Moderators often prune obsolete comments and lengthly exchanges to improve the quality of the site. You asked the OP the same question three times in a row and refused his invitation to move your conversation to a chat. You are advised to avoid extended discussion in the comments, and you should be aware that repeated instances of this behaviour may result in a suspension.

• I declined a chat because I'm not good at chatting in English. The OP finally showed the definition of the principal root which seemed sensible after several exchange of comments. I think you should not delete them. I believe the exchange would improve the quality of the question. – Makoto Kato Aug 18 '13 at 1:58
• Alexander, do moderators still receive automatic flags for extended comment discussions? – Asaf Karagila Aug 18 '13 at 2:05
• [You asked the OP the same question three times in a row] This is not true. Since the OP could not provide the general definition of the principal root, I asked a few different special cases to guess what the OP meant. – Makoto Kato Aug 18 '13 at 2:06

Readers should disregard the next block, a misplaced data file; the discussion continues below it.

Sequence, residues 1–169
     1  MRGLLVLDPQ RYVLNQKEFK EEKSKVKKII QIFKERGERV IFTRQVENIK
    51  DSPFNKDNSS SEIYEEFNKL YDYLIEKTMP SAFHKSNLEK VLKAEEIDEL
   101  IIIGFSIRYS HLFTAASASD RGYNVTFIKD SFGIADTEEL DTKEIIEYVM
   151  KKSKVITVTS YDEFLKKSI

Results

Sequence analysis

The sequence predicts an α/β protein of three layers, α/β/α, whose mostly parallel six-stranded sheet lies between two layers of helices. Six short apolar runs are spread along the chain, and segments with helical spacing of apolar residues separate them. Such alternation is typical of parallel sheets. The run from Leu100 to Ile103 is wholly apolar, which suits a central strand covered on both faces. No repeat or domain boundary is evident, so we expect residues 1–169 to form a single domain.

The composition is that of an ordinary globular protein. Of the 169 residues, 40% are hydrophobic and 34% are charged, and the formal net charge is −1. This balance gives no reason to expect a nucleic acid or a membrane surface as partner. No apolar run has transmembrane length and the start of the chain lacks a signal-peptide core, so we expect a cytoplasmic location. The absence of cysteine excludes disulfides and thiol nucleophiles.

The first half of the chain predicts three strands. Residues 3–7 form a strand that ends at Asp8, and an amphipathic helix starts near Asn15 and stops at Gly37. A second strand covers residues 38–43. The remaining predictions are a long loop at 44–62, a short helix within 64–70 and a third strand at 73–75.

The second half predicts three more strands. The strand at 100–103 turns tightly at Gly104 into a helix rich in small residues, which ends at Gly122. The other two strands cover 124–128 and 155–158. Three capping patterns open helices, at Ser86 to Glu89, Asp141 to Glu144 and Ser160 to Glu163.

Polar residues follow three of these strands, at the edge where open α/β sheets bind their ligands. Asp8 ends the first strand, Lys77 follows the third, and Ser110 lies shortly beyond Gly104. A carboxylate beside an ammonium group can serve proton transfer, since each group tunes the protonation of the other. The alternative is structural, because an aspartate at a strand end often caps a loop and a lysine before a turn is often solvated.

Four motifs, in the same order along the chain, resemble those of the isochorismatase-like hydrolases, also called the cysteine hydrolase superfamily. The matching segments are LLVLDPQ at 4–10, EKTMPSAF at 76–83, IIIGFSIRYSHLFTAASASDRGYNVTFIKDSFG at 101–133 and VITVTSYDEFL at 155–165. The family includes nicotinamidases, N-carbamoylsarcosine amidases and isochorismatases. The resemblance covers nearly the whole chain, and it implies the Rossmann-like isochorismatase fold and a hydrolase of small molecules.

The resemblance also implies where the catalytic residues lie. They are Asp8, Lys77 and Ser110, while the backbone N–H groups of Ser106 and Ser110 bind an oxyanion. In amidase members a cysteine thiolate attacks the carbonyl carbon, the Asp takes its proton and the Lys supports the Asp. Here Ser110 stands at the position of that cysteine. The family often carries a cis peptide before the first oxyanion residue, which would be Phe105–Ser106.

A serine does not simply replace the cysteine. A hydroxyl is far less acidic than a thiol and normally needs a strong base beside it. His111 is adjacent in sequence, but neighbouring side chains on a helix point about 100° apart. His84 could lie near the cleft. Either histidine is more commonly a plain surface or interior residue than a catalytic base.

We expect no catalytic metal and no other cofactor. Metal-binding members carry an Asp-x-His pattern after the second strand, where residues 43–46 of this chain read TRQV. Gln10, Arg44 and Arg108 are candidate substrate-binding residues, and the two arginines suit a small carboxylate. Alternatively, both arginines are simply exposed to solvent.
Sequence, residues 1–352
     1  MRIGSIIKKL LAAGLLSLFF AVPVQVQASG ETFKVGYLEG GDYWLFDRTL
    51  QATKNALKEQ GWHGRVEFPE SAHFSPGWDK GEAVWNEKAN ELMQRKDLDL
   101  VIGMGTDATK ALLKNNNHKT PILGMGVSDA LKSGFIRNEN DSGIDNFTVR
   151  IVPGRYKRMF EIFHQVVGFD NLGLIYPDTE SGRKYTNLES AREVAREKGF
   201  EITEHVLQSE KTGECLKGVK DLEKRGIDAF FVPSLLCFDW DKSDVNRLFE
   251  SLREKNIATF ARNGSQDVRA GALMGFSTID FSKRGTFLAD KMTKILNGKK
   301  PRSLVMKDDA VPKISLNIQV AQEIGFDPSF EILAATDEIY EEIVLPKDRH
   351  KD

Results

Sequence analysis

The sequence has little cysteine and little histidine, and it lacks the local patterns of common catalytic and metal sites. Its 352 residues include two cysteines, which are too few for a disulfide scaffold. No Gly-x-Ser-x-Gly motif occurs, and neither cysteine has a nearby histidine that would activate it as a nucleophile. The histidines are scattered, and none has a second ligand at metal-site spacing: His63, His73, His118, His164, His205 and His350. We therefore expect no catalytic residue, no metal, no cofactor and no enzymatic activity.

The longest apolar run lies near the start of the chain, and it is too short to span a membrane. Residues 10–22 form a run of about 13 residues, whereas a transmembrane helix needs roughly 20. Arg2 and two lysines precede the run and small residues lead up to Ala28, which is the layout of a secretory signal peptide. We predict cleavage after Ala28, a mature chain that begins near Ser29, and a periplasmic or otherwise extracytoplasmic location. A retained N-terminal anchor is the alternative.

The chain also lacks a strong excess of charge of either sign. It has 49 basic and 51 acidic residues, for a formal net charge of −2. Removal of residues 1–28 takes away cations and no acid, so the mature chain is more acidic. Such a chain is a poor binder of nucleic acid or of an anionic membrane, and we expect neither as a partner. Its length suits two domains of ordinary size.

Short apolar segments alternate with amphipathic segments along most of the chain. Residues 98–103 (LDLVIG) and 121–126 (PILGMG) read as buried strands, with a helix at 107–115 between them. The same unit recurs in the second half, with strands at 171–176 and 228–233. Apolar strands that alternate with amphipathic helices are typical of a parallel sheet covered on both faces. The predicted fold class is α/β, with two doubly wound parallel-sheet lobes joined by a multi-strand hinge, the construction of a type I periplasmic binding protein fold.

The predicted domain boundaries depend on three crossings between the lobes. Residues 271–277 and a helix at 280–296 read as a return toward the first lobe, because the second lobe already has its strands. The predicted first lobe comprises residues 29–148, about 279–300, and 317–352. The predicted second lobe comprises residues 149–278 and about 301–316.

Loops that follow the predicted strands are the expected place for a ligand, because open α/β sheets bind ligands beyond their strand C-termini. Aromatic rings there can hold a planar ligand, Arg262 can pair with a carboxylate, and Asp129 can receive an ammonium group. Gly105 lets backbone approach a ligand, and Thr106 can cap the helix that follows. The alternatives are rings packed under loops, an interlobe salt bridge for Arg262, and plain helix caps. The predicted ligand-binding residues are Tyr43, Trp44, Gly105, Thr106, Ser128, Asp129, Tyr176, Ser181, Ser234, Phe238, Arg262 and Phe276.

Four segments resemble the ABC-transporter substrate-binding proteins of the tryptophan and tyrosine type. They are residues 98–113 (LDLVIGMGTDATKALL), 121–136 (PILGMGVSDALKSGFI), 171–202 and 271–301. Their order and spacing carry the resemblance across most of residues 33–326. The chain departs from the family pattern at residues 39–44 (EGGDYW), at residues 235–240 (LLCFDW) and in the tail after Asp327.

• @MakotoKato He edited the definition into the question, so the comments are obsolete. Please keep in mind that chats do not have to be lightning quick- you are free to take them as slow as you would in comments if that is what you wish to do. – Alexander Gruber Aug 18 '13 at 2:06
• @AsafKaragila We receive an automatic flag when a user posts many comments within a short period of time. – Alexander Gruber Aug 18 '13 at 2:07
• @AlexanderGruber [He edited the definition into the question, so the comments are obsolete.] I don't think the question has the definition. – Makoto Kato Aug 18 '13 at 2:13
• It was not lengthy conversation. It's about 6 comments(the Op's 3 and mine 3). – Makoto Kato Aug 18 '13 at 2:15